Months of debate surrounding one of the largest and most controversial development proposals in resort history was put to rest Tuesday night (Dec. 3) after council squashed the Whistler International Campus (WIC) project before the rezoning process could begin.
Mayor Nancy Wilhelm-Morden was the last member of council to explain her rationale in voting against rezoning consideration for the proposed site of the university campus, a 77-acre parcel known as the Zen Lands.
“This is not a proposal to build a university,” she said to the more than 60 members of the public in attendance. “This is a proposal to build a large commercial development…”
The project called for approximately one million square feet of development, excluding underground space, that would service up to 1,500 students in 27 different buildings. Annual operations at the campus were estimated to provide 400 new jobs.
A disappointed Doug Player, the face of the project for several years, said the campus proposal was always about education first and foremost.
“I would never bring just a commercial venture here. This was all about education,” he said. “It's an opportunity that will never come again … It's an opportunity for economic diversification. It's an opportunity to provide for kids in the community. It's an opportunity certainly for the business.”
Of particular concern at the council table were the 2,924 bed units above Whistler's growth cap that would be required. According to Whistler's Official Community Plan, the bed unit limit can only be raised for a project that “demonstrates extraordinary benefits to the resort community,” criteria that the WIC proponents didn't meet, according to Councilor Jack Crompton.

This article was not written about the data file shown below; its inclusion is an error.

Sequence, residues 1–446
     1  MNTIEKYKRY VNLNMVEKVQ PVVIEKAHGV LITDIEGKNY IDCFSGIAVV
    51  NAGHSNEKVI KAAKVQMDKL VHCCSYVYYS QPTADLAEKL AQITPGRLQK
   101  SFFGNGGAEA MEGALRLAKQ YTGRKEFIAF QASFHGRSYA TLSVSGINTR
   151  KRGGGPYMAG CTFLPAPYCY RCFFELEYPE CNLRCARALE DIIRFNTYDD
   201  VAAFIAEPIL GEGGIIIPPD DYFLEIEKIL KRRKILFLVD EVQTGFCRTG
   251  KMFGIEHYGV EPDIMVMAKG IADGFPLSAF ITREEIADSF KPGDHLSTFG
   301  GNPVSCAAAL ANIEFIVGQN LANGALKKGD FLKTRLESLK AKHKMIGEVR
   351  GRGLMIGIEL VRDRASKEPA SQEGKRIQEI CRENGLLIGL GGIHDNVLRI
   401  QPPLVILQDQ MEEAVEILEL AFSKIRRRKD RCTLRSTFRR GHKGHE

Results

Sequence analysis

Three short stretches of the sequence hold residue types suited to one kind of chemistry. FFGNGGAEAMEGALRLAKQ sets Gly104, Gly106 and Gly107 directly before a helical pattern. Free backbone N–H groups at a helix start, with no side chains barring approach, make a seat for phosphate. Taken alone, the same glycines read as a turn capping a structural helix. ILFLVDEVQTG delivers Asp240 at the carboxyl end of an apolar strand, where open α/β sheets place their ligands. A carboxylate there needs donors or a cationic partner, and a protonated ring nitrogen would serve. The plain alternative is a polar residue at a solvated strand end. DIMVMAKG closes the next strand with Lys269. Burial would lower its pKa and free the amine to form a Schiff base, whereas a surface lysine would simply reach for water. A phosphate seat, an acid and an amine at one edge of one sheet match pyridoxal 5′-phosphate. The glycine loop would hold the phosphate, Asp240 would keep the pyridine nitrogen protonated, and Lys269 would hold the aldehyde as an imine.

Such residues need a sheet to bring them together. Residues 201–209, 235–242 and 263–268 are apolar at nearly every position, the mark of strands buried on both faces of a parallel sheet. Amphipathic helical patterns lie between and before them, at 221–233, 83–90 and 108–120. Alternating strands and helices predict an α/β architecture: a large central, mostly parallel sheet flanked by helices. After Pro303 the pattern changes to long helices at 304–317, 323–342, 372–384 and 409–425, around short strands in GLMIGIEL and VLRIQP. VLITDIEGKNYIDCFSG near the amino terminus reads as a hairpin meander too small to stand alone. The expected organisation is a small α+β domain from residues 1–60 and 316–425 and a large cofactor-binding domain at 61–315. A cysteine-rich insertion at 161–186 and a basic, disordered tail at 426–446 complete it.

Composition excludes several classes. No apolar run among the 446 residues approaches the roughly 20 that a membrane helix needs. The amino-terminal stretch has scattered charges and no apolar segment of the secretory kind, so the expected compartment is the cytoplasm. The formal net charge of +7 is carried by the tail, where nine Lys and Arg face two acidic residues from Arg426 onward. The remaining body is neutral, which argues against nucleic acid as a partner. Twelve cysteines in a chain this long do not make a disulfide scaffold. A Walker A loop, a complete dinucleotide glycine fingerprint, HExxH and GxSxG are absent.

“As much as I think this is an interesting concept, it simply doesn't rise to the level of 'extraordinary benefit' that the OCP requires,” he said.
Councilor Jayson Faulkner shared Crompton's view, calling the bed units “by far and away our best… currency.
“One of the reasons Whistler has been so successful is the judicious use of those bed units,” he added.
Leaving the council meeting, Player said he wished staff had paid the same time and attention to WIC proponents as they did with the team behind the incoming Audain Art Museum, which was fast-tracked by Municipal Hall last year.
“I think the fact is, had they sat down with us, as they did with Michael Audain for example and said 'hey, let's talk about size' then we could have dealt with that. But there was no interest in doing that.” The controversial Zen Lands will remain zoned for four single-family homes.
“I saw no open door today,” Player added. “No open door from the mayor or from anyone on that council to look at it. So it's very unfortunate in my opinion. I think it's a terribly sad night and a lost opportunity.”
The RMOW's Chief Administrative Officer Mike Furey confirmed that the municipality are currently working with two different organizations on a pair of educational initiatives for the resort, with hopes to bring the projects forward for consideration in the coming months.
The council-appointed Education and Learning Task Force issued a report in the summer providing Municipal Hall with a framework to consider future post-secondary educational opportunities in the resort. At that time, nine proposed initiatives were outlined, including the WIC project. Municipal staff has also been in discussion with several other parties interested in pursuing educational opportunities in Whistler, including Vancouver's Emily Carr Institute of Art and Design, The Vancouver Symphony Orchestra, The Canadian Sport Institute, The Whistler Education Group and UBC's Sauder School of Business.
With files from Pique Newsmagazine